Saudi Arabia's oil exports are down by about as much as an average 1.5 million barrels a day since its state run oil company was attacked Sept. 14, researchers who track shipping said.
That could speed up a tightening of global oil supplies, even though the U.S., Brazil and other countries are expected to continue to add oil to the global market.
Saudi Aramco's trading arm has been buying crude from neighboring countries, including Kuwait and United Arab Emirates, among others, to fulfill its commitments, according to Reuters. S&P Global Platts reports that the kingdom is buying diesel fuel from India and the UAE, and is also looking for jet fuel and naphtha.
The attack, believed to be the work of Iran, knocked out about 5.7 million barrels a day of Saudi production. Saudi Aramco is working to bring back the operations which Saudi officials say they hope to have completely restored by the end of the month.
"The jury is out as to whether or not they are going to get back to full strength as quickly as they claim. If they are able to, we won't have a problem. If they aren't, the problems start now," said John Kilduff of Again Capital. "If they can't get back to normal rapidly, we'll approach shortages particularly in refined products."
Both Kpler and ClipperData report that Saudi Arabia has seen a significant drop in its exports. Kpler said Saudi's domestic inventories have fallen by 10 million barrels to 56 million barrels since the beginning of September. However, Saudi Arabia also has oil in storage in Rotterdam and Egypt.
"[Saudi Exports] should be closer to 7 million barrels per day, and we're seeing it verge on 5.5 million since the attack," said Matt Smith, director of commodity research at ClipperData. "It does include the 15th when there was just one loading."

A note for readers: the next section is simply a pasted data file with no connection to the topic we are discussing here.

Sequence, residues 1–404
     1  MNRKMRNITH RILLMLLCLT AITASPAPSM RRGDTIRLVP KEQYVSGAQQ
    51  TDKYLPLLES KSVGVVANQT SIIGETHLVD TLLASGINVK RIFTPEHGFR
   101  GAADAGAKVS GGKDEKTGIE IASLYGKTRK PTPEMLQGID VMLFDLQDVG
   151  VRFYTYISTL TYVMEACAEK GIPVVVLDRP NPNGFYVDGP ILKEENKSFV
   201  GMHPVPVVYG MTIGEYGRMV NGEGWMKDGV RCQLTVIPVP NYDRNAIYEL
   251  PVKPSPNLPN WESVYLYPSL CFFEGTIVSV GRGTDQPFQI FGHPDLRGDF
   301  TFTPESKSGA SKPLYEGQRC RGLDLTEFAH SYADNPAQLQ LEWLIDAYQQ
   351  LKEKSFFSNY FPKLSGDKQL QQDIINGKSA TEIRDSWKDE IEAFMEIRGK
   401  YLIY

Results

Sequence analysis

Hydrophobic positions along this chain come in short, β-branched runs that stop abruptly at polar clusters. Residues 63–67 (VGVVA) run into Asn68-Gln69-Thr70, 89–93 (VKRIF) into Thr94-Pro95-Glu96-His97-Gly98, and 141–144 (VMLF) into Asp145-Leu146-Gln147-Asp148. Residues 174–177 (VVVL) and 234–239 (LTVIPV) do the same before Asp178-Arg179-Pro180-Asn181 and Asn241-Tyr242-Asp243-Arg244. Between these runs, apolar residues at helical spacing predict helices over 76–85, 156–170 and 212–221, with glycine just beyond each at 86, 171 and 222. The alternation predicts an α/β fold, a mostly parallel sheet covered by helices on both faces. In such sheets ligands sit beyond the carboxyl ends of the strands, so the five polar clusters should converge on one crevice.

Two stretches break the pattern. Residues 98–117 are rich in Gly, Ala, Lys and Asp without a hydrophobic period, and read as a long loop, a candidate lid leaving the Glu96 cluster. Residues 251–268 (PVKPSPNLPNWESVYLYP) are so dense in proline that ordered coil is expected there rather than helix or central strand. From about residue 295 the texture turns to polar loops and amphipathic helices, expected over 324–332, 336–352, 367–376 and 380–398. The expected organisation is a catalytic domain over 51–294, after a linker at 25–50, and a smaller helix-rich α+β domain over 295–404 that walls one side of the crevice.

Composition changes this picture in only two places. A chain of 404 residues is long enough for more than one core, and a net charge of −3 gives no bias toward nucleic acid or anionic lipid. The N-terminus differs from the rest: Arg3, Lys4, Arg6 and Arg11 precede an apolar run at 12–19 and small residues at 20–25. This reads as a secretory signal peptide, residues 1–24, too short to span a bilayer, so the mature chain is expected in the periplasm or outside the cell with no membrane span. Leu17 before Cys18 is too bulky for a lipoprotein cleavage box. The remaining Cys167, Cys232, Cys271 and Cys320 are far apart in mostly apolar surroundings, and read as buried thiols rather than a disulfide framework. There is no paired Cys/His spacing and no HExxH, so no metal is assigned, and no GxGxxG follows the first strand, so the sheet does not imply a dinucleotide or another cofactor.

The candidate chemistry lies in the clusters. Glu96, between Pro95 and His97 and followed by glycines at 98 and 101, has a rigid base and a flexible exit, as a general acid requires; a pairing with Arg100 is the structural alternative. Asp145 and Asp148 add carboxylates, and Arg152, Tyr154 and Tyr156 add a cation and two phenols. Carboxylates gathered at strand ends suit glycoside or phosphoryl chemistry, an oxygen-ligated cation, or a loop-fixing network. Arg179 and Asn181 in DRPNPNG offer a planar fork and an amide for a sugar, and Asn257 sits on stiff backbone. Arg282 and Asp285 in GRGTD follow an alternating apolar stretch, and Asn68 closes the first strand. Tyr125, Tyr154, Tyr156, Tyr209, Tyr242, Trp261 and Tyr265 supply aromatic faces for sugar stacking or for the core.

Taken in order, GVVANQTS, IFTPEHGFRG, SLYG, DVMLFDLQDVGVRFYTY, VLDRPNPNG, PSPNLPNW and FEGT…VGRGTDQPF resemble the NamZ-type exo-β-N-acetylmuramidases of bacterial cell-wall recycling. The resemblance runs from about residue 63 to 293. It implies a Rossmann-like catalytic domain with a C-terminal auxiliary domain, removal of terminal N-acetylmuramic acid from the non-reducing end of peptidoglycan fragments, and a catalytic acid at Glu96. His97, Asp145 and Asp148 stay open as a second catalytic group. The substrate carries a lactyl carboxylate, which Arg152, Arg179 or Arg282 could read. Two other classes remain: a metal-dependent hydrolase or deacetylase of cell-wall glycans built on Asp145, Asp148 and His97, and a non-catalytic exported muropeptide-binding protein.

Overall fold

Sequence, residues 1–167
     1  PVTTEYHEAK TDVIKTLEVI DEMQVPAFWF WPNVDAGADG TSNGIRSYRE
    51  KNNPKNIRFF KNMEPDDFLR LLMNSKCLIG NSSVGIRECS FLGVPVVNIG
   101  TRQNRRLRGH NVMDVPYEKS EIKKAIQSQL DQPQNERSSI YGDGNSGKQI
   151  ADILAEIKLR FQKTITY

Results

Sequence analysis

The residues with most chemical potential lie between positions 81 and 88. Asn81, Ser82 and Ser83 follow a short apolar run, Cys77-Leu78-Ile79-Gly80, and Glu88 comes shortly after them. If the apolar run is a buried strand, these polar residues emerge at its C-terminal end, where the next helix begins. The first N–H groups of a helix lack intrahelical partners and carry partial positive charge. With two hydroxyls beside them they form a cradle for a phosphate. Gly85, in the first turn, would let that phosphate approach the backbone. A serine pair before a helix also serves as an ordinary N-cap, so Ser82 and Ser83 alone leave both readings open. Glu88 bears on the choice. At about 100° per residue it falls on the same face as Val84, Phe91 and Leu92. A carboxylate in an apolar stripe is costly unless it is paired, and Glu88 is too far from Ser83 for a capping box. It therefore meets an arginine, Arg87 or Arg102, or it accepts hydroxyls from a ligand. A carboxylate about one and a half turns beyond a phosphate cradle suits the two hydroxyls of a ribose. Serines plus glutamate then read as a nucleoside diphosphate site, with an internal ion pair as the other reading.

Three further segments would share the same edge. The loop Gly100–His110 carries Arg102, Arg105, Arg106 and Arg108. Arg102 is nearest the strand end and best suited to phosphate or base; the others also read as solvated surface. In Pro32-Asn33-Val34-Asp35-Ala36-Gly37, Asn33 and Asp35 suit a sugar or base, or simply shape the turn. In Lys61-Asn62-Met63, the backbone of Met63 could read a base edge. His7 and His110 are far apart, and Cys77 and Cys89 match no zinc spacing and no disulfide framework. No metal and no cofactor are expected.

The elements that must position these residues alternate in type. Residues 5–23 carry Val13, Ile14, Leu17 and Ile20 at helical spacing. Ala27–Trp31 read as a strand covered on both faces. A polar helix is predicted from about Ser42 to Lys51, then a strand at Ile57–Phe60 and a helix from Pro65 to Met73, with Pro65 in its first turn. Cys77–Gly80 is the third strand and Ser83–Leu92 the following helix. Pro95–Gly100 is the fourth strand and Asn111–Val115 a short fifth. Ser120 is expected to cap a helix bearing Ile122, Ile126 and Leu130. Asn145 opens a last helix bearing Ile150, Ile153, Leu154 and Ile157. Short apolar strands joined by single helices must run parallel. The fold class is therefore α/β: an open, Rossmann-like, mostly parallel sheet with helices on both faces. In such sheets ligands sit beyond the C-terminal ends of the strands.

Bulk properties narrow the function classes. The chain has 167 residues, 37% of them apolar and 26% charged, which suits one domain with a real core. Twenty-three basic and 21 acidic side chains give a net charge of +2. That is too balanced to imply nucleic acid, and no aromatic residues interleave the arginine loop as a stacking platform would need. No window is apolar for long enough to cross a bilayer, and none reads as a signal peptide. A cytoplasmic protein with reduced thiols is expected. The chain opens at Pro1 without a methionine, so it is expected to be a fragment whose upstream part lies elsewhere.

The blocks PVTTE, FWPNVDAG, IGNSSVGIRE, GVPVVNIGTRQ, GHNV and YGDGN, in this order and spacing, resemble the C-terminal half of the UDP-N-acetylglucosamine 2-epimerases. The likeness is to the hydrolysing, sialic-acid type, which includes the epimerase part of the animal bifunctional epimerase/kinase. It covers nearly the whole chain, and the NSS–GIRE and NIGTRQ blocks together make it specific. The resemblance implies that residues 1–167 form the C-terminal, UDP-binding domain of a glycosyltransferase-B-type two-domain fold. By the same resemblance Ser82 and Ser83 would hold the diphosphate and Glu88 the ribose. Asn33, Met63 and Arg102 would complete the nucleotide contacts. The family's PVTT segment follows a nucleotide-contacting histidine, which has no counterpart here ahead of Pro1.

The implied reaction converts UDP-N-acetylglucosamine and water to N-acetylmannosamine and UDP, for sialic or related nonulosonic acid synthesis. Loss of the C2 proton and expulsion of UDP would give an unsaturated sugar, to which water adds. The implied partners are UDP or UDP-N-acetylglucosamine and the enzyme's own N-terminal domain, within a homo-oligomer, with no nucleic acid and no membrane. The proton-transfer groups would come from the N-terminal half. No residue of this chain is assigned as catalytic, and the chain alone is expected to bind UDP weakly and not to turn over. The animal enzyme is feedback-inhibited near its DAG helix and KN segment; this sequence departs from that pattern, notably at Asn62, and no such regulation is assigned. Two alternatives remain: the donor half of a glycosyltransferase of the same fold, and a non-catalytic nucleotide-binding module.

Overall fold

Kpler's Reid I'Anson said he believes Saudi is down about 1 million barrels a day, but the amount of exports fluctuate daily.
"They have just over 55 million barrels left..They could go another four or five weeks realistically from the rates we're seeing. That could change based on the internal situation, if they are able to get some of this back on line," said I'Anson, global energy economist at Kpler. I'Anson said it is unclear how much oil is being stored in Rotterdam or Egypt, and even Japan.
"We have seen them purchasing petroleum products in order to lower runs through their domestic refineries," he said.
I'Anson said the market that could be impacted is Asia, since China and East Asia are the biggest buyers of crude from Saudi Arabia, which has filled the gap for Iran.
The U.S. could be sending barrels to cover the lower Saudi exports, and the U.S. is expected to export about 3 million barrels a day. That amount could increase as more pipeline capacity comes on line this year, to bring more crude from the Permian Basin in Texas to the Gulf of Mexico.
"If it persists, the curve ball to watch out for is you could see a decided spike higher in U.S. crude exports in the next couple of weeks," said Kilduff. There were seven empty ships that were hanging in the Gulf of Mexico over the last couple of weeks. I could see 4 million barrels per day export weeks very shortly."